The effects of Immigration on Quebec society:
the development of ethnic neighborhoods
presence of different religious denominations
Consequence of this trend
Infrastructure development
Specialized services development
Urban Sprawl
Regional Decline
Closure of businesses
lack of services
The exceptions to this trend the Aboriginal populations
The Contemporary Period
1867 - Present

Orthodox Christians and Jews from the Ukraine
Settled the West
wheat and cattle farmers
Chinese labourers
creation of Manitoba, Alberta & Saskatchewan
The New York Experience
The country experiences a period of stagnation between 1914 and 1945
The British Regime

Great Britain takes official control of North America in 1763
The change in empire results in:
1. Change in government institutions
2. Change in cultural expressions
3. Change in demographics
growth in total population
new forms of settlement
linguistic and cultural diversity
British Merchants
British Isles
French Canadien Emigration
Small number of merchants
The British implement the Royal Proclamation in 1763
Remember the purpose?
Policies to promote immigration
1. Establish English political and legal institutions
2. Establish the Anglican (Protestant) Church
The measures did not work
Settle in Montreal
High birth rate among Canadien families
We hold these truths to be self-evident, that all men are created equal, that they are endowed by their Creator with certain unalienable Rights, that among these are Life, Liberty and the pursuit of Happiness. — That to secure these rights, Governments are instituted among Men, deriving their just powers from the consent of the governed, — That whenever any Form of Government becomes destructive of these ends, it is the Right of the People to alter or to abolish it, and to institute new Government, laying its foundation on such principles and organizing its powers in such form, as to them shall seem most likely to effect their Safety and Happiness.
Who were the United Empire Loyalists?
British subjects loyal to the English Crown in the 13 Colonies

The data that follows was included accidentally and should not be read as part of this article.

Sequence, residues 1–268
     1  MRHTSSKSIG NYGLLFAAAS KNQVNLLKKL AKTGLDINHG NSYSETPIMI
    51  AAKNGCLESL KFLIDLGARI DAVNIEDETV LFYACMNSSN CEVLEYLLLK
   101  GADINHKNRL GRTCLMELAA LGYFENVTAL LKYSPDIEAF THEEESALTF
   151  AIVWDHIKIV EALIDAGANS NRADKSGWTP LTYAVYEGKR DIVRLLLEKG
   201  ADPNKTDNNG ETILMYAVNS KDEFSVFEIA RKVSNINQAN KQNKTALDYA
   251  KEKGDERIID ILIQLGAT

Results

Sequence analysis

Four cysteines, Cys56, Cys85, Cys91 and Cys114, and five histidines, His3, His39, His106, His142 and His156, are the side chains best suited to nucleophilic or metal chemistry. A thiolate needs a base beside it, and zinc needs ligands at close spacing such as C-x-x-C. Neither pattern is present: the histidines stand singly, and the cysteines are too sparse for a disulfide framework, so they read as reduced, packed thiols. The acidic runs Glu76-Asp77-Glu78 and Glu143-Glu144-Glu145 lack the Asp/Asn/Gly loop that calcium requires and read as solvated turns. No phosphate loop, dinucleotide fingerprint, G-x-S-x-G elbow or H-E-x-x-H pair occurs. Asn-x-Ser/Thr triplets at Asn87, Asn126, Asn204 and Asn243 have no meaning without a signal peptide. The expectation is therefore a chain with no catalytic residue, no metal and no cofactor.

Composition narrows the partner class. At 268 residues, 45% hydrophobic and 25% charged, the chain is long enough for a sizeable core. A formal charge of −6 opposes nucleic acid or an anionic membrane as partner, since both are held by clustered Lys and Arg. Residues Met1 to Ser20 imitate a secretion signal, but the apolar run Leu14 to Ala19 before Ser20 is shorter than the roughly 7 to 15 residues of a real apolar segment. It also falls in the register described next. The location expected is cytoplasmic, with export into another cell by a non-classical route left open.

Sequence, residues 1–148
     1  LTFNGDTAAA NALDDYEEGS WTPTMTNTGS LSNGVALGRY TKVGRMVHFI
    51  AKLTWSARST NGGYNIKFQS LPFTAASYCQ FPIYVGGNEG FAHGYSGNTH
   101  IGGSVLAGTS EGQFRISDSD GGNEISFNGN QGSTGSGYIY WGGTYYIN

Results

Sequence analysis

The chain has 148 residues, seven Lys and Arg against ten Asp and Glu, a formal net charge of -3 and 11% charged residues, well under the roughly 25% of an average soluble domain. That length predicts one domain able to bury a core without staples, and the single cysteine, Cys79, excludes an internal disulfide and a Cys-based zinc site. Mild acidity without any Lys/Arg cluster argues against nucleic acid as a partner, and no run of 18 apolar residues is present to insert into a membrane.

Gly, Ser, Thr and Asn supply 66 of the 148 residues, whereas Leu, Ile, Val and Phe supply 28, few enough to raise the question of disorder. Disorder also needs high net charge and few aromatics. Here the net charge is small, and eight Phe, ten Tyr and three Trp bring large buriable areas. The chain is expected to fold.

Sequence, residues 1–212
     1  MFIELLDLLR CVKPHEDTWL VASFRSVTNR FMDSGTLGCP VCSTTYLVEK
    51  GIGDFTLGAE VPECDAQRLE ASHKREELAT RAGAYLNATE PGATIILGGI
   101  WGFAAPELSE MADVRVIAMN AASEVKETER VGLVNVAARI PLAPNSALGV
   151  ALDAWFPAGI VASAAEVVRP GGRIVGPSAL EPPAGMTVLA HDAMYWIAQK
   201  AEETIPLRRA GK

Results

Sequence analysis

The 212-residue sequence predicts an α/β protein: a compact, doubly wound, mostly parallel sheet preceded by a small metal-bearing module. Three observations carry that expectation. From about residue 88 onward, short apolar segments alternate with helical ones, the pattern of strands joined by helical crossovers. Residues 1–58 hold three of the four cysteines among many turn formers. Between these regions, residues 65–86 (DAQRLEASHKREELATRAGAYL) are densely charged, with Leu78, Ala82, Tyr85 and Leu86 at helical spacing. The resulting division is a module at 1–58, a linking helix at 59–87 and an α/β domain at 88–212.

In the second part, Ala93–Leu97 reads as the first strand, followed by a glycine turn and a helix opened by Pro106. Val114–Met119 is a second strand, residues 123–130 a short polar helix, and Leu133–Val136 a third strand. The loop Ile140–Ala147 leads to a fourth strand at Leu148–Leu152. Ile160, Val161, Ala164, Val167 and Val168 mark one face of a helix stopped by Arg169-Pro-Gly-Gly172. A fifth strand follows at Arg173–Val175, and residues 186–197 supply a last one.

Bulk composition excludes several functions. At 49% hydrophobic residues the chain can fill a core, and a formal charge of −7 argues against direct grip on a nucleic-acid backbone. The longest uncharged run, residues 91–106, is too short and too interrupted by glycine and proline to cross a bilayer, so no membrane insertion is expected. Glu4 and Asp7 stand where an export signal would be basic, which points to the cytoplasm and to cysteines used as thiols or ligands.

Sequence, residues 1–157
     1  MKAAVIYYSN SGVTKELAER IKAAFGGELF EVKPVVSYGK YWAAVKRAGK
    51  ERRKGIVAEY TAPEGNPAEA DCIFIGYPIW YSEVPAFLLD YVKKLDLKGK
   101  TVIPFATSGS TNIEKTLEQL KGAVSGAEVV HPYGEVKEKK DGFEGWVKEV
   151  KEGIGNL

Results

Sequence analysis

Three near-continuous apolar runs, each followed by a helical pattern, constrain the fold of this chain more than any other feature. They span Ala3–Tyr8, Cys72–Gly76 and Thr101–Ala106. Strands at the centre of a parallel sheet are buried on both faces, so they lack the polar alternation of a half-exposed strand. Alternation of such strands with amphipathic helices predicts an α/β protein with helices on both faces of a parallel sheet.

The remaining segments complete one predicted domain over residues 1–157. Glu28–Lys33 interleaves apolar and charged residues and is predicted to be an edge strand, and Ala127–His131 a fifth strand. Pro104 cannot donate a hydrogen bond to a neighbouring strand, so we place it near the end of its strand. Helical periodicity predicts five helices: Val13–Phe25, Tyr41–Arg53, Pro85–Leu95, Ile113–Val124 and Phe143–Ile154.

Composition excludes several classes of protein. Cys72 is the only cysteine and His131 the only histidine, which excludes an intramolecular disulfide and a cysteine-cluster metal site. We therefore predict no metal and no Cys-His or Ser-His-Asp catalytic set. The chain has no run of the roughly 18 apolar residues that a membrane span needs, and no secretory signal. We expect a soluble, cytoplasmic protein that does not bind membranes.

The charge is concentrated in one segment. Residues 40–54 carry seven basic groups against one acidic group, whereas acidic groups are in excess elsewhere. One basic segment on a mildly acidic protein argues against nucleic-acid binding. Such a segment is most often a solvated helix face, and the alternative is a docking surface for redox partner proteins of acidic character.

Opposed the independence movement
Refugees from the 13 colonies; now the United States of America
The arrival of the Loyalists will results in significant changes to Quebec
1. Political
2. Demographic
3. Territorial
The adoption of the Constitutional Act (1791)
the creation of an elected Legislative Assembly
Increase in the English Protestant population
160 000 inhabitants
Who was not counted?
Many will settle in New Brunswick and Upper Canada
- some will settle in the Eastern Townships
The division of Quebec into Upper and Lower Canada
The use of the Township system for agriculture
Due to Immigration
Due to high birth rate
The next major wave of immigrants are from:
will account for the majority of immigrants
Over 500 000 between 1831 & 1871
What accounts for this?
Poverty and starvation push people out of Ireland
North America in need of cheap labour pulls them in
What were the consequences of their arrival
In the summer of 1847, 5000 died of Typhus
1. The association with the spread of disease
The start of Urbanization
Anglophones will form the majority in Montreal
Griffin Town
The rural areas could no longer support the population
soil was no longer fertile
scarcity of agricultural land
could not compete with Lower Canada
The consequence:
The exodus of French Canadiens was a concern for the Provincial Government and the Catholic Church
Why places like Maine and Massachusetts?
began a program of colonization in the Maurice, Saguenay and the Laurentians
The factors that account for this
Epidemics in the city like Typhus and Cholera
50 000 Canadians died
The Great War (1914-1918) and World War II (1939-1945)
immigration stops
The Great Depression (1929-1939)
1.5 million births in Canada
The creation of ethnic neighborhoods
What are the consequences of the post-war population boom
1. Urban population will be larger than the rural population
2. Average age of the population will decrease
3. Creation of the Minister de l 'immigration in 1968
Full transcript